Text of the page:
Suburbs, towns and rural settlements with high but fragmented populations
A mixed settlement anthrome is characterized by a mix of suburbs, residential, and rural land uses. It typically includes densely populated (≥100 persons per square kilometer) and built-up areas, but is not found within the village regions. These landscapes are often seen in areas where human populations have increased, leading to the expansion of cities and towns into surrounding farmland and natural areas. The mixed settlement anthrome has the fifth highest population and sixth highest caloric production, based on 2017 CE data. This anthrome has the fifth lowest land area, contributing low percentages to the global area of protected and key biodiversity areas. Mixed settlements represent a mosaic of settlement patterns and densities, characterized by high but fragmented populations. This anthrome ranks eleventh out of the twenty anthrome classes for carbon storage, likely due to the transition of vegetated land to developed land and the accompanying loss of native biomass.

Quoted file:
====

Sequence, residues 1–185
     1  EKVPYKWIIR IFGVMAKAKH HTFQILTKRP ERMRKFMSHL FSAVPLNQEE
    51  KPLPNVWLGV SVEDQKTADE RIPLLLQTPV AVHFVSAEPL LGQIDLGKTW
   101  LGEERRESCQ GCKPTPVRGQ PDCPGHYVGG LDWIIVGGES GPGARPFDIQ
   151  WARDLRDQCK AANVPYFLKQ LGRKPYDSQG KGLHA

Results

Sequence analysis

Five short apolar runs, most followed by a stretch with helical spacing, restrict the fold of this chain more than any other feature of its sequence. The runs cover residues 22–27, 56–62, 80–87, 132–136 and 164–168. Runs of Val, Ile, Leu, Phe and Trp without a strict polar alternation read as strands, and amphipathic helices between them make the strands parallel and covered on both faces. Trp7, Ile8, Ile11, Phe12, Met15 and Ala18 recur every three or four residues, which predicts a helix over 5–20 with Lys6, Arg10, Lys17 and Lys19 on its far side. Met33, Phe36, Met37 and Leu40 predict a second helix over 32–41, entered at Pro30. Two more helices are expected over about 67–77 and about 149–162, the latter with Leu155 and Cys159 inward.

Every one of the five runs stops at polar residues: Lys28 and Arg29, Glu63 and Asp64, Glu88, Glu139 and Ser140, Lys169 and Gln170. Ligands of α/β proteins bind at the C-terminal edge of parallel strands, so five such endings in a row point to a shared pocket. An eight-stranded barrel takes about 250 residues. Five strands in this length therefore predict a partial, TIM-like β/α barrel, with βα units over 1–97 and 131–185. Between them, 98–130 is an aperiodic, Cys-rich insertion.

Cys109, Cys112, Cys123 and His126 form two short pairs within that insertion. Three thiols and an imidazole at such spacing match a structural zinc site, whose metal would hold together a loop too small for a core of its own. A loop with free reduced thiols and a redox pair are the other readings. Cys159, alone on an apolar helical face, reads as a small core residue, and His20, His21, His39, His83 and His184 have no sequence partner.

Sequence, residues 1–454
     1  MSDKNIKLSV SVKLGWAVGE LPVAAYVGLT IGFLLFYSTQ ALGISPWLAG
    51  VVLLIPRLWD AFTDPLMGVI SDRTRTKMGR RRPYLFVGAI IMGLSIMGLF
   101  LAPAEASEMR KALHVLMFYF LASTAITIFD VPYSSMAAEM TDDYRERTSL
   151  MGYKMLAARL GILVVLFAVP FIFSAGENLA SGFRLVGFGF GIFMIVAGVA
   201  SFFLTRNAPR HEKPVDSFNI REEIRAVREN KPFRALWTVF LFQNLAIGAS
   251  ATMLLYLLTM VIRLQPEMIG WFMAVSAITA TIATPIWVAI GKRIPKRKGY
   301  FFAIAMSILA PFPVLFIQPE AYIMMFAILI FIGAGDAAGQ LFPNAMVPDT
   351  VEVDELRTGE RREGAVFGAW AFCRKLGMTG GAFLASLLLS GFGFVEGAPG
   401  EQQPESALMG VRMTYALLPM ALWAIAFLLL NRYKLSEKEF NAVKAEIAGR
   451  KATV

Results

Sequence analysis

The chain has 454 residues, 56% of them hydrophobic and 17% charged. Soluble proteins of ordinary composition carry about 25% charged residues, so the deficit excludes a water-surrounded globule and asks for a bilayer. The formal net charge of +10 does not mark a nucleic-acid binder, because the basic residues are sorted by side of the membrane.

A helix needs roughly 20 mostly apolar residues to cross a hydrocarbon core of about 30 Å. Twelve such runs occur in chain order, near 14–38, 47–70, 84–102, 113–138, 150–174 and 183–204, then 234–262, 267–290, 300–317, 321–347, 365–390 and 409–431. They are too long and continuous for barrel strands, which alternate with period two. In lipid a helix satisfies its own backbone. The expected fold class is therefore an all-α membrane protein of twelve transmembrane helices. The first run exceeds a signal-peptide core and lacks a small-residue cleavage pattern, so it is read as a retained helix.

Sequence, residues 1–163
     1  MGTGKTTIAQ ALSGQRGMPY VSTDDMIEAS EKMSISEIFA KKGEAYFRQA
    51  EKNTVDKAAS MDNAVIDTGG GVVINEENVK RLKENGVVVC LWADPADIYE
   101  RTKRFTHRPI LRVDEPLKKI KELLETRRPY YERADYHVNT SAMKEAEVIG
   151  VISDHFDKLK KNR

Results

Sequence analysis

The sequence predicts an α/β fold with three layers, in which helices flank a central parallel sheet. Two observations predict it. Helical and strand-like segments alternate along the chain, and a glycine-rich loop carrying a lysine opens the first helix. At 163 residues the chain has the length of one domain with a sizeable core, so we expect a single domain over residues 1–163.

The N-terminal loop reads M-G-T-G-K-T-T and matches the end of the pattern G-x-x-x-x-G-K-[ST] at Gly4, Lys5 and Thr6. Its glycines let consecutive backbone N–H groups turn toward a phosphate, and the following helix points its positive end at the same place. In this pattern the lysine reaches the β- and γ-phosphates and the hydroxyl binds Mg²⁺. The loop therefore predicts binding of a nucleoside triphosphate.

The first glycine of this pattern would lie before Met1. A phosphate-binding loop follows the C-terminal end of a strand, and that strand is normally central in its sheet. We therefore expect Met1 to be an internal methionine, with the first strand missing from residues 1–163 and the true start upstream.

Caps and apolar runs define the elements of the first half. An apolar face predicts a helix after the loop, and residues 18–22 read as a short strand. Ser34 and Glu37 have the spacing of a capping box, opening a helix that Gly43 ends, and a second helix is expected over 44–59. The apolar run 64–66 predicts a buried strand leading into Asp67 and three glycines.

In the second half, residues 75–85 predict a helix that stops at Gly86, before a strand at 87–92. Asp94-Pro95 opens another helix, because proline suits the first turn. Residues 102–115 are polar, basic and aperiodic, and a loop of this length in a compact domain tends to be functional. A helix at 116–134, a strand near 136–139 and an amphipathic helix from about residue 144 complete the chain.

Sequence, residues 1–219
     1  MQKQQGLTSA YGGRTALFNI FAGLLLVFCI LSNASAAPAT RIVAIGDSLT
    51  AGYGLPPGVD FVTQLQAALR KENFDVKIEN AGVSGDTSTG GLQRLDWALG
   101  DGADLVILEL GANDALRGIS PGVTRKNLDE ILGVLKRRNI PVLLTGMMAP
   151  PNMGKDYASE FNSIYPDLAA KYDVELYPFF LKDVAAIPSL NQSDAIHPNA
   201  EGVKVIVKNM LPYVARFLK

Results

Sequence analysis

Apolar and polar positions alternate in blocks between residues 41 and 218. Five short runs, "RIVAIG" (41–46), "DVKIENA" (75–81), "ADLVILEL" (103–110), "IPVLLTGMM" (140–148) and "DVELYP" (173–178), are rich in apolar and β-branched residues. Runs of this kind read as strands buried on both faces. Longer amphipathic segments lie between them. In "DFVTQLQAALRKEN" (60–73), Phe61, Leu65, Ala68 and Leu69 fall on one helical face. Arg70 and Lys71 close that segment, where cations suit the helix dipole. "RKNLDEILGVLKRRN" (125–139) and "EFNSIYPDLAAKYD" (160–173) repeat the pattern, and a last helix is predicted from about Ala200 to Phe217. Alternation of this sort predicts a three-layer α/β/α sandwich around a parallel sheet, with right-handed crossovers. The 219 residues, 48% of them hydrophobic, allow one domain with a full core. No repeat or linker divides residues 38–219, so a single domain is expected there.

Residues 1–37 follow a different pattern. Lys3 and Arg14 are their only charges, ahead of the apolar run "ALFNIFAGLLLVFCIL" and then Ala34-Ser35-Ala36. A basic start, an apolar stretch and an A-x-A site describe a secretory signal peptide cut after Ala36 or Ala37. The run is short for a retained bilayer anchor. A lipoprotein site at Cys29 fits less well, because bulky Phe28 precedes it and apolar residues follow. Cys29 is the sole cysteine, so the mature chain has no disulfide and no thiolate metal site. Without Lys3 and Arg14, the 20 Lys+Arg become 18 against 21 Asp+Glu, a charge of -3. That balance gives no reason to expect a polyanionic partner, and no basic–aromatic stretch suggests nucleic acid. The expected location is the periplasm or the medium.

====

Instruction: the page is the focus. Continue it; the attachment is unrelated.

Nick Allen, CC BY-SA 4.0 Mixed Settlements anthrome surrounding Fitchburg, Massachusetts, USA.